Gupta brothers Ajay and Atul. File picture: Supplied
Parliament - Members of Parliament have lamented the slow pace of the probe into the naturalisation of some members of the Gupta family, warning the investigation risks collapsing if not built on solid information.

The parliamentarians from various parties also warned the institution’s research unit and legal services not to be enticed with bribes from people who wanted to “water down everything that is happening against the Guptas”.

This comes after the Bloemfontein High Court’s decision to lift the freeze on R250million of asserts belonging to the Guptas.

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The MPs urged that no stone be left unturned in the preliminary investigation into the state capture inquiry for the Home Affairs Department.

This emerged when the researcher for the Home Affairs portfolio committee gave an update on the investigation to determine what type of inquiry needed to be pursued.

The research unit and legal services were expected to report on the verification of documents that the department used to grant early naturalisation to Gupta family members in 2015.

They were expected to look into the issuing of work permits to employees at the TV station ANN7 and other Gupta-related companies as well as granting of citizenship under different ministers.

During the briefing on the preliminary probe, the committee heard that much work still needed to be done in collecting and analysing information.

Some information was still being awaited from the departments of Home Affairs, Labour and North West Education, a move that led to the interim report not being compiled.

The placement of adverts in newspapers calling on the public to make submissions and a trip to interview potential interviewees still had to be authorised.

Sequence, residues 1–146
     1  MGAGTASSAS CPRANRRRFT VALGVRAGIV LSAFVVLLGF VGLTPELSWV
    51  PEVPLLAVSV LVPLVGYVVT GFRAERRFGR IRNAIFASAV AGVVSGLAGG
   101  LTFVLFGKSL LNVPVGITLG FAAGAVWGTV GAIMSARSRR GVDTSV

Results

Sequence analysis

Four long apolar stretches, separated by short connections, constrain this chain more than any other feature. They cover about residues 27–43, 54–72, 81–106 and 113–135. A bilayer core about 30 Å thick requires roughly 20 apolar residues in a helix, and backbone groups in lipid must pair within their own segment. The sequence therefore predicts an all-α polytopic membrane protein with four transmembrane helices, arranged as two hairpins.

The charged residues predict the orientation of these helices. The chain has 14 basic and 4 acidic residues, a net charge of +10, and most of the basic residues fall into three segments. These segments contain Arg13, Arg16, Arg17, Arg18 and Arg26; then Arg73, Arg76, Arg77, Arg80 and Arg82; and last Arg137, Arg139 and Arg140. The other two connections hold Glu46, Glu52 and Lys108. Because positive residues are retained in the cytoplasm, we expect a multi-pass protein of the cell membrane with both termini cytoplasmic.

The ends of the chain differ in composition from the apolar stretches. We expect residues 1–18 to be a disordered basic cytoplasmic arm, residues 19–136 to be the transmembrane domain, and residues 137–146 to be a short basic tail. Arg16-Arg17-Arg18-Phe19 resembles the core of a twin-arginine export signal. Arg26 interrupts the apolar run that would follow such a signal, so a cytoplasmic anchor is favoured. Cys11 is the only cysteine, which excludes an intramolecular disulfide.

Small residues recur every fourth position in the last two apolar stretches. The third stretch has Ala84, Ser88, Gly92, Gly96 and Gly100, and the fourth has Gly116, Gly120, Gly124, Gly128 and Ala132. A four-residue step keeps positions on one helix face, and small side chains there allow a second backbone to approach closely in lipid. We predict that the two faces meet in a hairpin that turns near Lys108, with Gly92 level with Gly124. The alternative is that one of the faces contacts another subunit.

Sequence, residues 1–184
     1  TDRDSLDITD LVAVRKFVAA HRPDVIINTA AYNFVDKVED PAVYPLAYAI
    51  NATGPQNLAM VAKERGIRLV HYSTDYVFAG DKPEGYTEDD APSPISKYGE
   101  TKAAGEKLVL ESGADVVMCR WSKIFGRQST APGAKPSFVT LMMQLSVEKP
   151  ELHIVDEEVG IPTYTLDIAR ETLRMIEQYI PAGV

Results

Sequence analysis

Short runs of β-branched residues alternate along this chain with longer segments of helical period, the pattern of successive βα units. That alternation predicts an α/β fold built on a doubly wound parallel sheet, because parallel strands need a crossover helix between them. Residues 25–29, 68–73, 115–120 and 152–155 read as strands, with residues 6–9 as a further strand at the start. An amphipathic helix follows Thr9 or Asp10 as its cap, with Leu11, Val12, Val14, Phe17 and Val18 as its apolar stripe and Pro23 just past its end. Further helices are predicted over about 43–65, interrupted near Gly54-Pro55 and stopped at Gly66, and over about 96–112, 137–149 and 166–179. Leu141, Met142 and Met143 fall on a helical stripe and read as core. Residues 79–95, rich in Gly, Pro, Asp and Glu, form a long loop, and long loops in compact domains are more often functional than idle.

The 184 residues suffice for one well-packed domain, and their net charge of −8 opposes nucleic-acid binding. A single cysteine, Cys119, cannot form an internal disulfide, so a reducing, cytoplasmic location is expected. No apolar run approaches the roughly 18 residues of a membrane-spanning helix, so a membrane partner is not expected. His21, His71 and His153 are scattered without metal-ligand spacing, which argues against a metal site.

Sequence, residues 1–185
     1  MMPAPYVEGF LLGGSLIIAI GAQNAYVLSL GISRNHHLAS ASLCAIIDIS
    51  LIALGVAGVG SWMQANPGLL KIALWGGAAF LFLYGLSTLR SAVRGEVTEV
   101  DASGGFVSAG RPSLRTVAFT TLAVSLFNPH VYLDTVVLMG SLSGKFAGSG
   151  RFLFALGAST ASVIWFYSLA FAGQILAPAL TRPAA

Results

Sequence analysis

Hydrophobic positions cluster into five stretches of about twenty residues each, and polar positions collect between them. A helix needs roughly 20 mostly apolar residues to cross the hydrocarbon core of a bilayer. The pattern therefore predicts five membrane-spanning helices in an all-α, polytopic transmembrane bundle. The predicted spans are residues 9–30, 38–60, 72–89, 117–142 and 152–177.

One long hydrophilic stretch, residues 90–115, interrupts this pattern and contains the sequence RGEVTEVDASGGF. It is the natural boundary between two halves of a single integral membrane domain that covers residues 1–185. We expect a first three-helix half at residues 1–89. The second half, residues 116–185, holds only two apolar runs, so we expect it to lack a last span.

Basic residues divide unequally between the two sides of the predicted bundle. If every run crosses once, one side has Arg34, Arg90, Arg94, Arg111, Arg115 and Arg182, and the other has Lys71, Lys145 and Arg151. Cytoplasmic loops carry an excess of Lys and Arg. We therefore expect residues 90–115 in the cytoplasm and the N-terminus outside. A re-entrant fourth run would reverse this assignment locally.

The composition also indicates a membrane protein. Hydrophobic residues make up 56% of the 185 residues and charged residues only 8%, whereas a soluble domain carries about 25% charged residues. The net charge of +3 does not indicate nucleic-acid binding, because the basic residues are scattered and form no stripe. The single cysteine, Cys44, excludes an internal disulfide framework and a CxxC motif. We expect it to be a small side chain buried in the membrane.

The MPs expressed displeasure with the turn of events.

Committee chairperson Hlomane Chauke said they had expected a report on the conflicting information submitted by the Home Affairs Department.

“That information is very important for us,” Chauke said.

He added they viewed verification of donations made by the Guptas and also used as the basis to grant citizenship as critical.

“We have not done much. Much of the work that we were supposed to do, I feel you have not done; it for us to break through this issue,” he said.

Chauke added there should be a strong foundation in the preliminary investigation, otherwise the inquiry would collapse. “It is a serious matter that can’t be watered down. That is not the intention of this committee. All of us have made it clear that we have to get to the bottom of this matter,” he said.

While the ANC’s Maesela Kekana commended the work done so far, he said it was not enough.

“We want you not to start where you want.

“Do as we instructed you,” he said.

Kekana also cautioned against bribes during the course of the investigation.

“I believe no one will be bought in this process. I know there are people with nice suitcases who are making sure they water down everything that is happening against the Guptas,” Kekana said.

He was referring to the Eskom inquiry, which was marred by allegations that former state security minister Bongani Bongo allegedly tried to bribe the evidence leader for the Public Enterprises inquiry, advocate Ntuthuzelo Vanara.

The EFF’s Hlengiwe Hlophe- Mkalipi said there should be no excuse for the Home Affairs Department not to provide the requested information.

“They are the ones who are supposed to help.

“If people are bought in this process, we can’t allow that,” Hlophe-Mkalipi added.

The DA’s Haniff Hoosen urged the research unit and legal services to “make sure to get to the bottom of the things”.

Hoosen said the investigation should go beyond the naturalisation of the Guptas and include the broader issues on state capture in the Home Affairs Department.

Political Bureau